Banbury Lock is being drained for three weeks of extensive refurbishments to install new gates but the canal closure means people can have a rare look at the empty chamber.
Experts from the Canal and River Trust will be carrying out essential works to repair the lock and swap the 21-year-old gates with handmade replacements.
The new gates took two joiners three and half weeks to craft out of sustainable English oak and will be craned into place on a specialised boat as they weigh three tonnes.
The trust, which looks after 2,000 miles of waterways in England and Wales, will give the public the rare chance of venturing into the bottom of the empty lock chamber to view the original 239-year-old brickwork up close on November 18 and 19.
South east waterway manager Tav Kazmi says: “It’s not very often that we get the chance to see our historic locks drained of water.
"The open weekend gives us the opportunity to meet with local people and share some of our hidden history.
"Banbury Lock marks our first open day of this winter and we will be working on over 200 different sites across the country and staging 10 free open days.”
Visitors will be able to speak to the charity’s experts about how the lock gates are made and fitted and about the works being undertaken over the weekend.
The team, from construction supervisors, civil engineers to volunteers and apprentices, will be on hand to explain their varied work and why it is important to pass this knowledge and experience on to future generations.
There will be a pop-up museum showcasing artefacts from the birth of the canals to some of the weird and wonderful finds from below the waterline, and there will be activities for children at nearby Banbury Museum.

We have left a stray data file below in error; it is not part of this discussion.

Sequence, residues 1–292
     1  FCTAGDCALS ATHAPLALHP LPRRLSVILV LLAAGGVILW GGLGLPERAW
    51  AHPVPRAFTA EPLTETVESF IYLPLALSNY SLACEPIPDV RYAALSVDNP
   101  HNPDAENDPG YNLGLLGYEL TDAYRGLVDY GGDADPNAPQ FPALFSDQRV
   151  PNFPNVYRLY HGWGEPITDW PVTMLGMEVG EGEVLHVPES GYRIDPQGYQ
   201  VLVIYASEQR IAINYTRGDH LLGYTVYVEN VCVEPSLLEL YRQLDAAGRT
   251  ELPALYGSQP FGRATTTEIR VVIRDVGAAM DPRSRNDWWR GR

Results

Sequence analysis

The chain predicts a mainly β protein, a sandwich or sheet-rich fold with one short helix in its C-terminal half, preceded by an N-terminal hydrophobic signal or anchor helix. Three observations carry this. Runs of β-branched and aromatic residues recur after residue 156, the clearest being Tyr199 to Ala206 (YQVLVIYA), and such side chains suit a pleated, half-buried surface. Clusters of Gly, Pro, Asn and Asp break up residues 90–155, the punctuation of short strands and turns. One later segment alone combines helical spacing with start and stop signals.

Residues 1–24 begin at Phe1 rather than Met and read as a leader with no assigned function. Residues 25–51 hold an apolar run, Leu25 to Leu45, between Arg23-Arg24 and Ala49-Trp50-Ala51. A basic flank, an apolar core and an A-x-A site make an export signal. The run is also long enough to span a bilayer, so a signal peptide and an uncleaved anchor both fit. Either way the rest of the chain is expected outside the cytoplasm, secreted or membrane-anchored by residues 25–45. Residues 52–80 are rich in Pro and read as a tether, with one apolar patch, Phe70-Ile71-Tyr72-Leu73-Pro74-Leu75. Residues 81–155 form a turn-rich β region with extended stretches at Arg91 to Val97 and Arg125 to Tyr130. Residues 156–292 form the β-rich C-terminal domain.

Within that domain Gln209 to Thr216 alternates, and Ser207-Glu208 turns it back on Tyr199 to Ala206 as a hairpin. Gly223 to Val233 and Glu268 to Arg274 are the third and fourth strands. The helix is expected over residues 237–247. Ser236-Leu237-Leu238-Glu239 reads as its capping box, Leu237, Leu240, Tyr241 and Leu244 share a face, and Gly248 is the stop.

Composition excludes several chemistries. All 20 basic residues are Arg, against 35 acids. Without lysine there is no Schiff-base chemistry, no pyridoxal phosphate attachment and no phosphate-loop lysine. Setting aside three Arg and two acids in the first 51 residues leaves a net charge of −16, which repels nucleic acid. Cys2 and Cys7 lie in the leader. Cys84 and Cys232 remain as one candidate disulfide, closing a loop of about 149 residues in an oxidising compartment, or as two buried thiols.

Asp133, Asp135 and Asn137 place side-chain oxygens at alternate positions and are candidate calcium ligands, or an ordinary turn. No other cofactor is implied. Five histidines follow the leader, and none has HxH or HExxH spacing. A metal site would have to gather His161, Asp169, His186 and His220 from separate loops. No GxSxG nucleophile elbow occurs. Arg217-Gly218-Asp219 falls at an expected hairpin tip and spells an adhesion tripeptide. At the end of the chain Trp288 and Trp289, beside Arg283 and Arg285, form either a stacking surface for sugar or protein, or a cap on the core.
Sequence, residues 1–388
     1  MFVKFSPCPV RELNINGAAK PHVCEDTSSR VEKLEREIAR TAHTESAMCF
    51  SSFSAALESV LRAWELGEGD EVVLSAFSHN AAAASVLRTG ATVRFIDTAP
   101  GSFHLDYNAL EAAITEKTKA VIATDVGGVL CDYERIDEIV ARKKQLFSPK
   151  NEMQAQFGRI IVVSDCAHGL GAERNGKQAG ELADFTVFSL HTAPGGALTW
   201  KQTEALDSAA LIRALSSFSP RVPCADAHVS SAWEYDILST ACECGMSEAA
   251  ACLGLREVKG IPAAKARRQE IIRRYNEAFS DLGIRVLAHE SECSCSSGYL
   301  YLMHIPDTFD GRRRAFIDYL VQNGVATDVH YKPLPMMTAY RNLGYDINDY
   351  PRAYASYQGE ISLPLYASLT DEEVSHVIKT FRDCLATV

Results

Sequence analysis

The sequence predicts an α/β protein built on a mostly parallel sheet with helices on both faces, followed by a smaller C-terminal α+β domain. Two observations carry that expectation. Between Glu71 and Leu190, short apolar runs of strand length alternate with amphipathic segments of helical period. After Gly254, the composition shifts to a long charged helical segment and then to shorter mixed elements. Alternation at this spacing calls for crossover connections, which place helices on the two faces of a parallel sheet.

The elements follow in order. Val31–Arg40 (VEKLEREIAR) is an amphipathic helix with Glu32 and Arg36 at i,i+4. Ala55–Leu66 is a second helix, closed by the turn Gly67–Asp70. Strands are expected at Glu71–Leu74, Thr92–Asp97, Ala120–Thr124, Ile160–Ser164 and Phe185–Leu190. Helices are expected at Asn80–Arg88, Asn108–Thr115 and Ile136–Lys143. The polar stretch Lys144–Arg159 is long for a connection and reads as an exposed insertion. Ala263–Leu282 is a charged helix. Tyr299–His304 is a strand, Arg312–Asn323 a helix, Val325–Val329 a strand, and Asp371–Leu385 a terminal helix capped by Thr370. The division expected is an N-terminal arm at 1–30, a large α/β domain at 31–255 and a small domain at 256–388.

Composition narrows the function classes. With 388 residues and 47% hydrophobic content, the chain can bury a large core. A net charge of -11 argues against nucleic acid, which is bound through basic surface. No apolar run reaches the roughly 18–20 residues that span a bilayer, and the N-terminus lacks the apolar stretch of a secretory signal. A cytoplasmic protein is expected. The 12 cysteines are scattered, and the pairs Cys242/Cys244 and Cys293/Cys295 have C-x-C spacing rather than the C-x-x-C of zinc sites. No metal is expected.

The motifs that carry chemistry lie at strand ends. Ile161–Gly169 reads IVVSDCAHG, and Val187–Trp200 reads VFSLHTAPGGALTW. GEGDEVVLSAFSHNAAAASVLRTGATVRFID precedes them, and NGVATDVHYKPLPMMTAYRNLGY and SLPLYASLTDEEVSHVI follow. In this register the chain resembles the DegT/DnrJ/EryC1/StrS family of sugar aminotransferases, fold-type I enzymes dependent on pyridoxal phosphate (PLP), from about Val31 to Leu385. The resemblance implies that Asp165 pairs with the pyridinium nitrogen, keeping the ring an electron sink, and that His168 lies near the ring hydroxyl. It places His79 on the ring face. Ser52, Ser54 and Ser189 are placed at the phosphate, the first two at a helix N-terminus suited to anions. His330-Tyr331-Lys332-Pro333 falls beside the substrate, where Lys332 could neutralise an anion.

There will be a ‘virtual hub’ where people can plug in and watch virtual reality videos of some of the Canal and River Trust’s more unusual and awe-inspiring locations.
Tooley’s Boat Yard, the oldest working dry dock on the inland waterways having been in continuous use since 1790, will be throwing open its doors to the public during the open weekend.
The yard was also the starting point for the fateful narrowboat journey by Tom Rolt in 1939 which led to the formation of the waterway restoration movement.
November marks the start of a five-month-long programme of repairs to England and Wales’ waterways, as the Canal & River Trust spends £38m to restore some of the nation’s best loved sites.
This work requires a wide range of knowledge and expertise and the trust’s apprenticeship programme helps to preserve and pass on the specialist skills and expertise needed to carry out this work.
To find out more about the trust’s restoration and repair programme, as well as the open days happening across the country visit www.canalrivertrust.org.uk.
The open weekend will be held between 10am and 4pm.